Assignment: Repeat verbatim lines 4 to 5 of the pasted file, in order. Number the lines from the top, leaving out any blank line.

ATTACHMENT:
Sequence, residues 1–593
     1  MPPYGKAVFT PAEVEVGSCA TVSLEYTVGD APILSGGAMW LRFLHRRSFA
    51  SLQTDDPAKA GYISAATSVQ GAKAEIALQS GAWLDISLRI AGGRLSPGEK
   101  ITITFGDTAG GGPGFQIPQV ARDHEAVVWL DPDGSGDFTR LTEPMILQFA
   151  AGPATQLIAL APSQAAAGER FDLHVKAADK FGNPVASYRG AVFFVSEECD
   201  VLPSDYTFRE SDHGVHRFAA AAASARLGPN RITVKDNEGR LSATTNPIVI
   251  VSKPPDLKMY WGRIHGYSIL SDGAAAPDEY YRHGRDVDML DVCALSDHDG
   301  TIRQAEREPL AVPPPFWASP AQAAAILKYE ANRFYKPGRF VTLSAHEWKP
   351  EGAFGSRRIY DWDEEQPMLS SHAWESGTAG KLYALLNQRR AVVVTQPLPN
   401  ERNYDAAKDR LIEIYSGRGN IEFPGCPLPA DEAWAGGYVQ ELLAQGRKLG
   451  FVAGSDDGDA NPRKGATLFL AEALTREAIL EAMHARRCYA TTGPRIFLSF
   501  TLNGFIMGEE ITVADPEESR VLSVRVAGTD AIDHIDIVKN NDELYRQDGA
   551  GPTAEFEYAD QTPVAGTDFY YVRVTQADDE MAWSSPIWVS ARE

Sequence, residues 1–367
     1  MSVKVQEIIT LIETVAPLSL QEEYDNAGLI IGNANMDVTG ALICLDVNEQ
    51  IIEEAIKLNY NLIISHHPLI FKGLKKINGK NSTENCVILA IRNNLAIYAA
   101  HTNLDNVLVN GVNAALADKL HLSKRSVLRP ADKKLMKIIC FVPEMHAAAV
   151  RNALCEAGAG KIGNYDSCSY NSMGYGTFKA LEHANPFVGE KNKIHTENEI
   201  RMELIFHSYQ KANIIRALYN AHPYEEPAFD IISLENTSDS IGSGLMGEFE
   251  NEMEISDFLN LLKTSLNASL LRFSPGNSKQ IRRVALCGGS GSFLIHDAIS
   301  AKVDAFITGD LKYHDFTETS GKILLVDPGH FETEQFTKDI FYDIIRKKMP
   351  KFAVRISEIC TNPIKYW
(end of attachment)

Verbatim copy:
   101  ITITFGDTAG GGPGFQIPQV ARDHEAVVWL DPDGSGDFTR LTEPMILQFA
   151  AGPATQLIAL APSQAAAGER FDLHVKAADK FGNPVASYRG AVFFVSEECD